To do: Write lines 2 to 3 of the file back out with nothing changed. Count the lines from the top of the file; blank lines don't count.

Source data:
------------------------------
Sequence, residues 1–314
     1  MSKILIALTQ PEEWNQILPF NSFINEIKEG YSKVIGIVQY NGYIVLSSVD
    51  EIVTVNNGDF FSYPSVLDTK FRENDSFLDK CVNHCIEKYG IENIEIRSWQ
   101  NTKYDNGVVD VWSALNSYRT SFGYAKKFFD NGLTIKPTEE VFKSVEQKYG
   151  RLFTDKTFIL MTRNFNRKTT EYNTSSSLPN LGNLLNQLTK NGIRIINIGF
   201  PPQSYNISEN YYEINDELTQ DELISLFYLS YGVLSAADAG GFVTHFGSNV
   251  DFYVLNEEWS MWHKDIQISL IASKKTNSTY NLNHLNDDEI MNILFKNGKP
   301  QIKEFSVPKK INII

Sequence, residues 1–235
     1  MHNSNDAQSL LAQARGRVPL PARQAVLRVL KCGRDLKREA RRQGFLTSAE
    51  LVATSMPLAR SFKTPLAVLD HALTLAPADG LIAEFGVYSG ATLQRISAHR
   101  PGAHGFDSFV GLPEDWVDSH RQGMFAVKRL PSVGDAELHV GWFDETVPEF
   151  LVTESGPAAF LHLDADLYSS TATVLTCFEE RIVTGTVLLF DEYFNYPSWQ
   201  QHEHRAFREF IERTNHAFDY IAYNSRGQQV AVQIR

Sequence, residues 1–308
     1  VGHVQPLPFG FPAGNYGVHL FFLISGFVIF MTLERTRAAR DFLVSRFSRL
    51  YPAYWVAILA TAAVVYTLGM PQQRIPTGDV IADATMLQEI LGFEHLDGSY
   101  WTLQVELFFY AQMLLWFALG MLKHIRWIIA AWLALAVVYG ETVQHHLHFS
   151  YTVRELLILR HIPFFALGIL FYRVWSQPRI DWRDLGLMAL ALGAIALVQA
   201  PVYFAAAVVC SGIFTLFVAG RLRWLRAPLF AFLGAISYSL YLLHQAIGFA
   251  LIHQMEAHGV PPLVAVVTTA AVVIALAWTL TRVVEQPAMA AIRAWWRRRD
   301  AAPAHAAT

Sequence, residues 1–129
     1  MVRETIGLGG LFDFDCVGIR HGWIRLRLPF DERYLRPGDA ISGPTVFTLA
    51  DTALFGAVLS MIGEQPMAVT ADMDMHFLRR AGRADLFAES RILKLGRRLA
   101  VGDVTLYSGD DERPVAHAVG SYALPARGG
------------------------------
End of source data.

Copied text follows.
     1  MSKILIALTQ PEEWNQILPF NSFINEIKEG YSKVIGIVQY NGYIVLSSVD
    51  EIVTVNNGDF FSYPSVLDTK FRENDSFLDK CVNHCIEKYG IENIEIRSWQ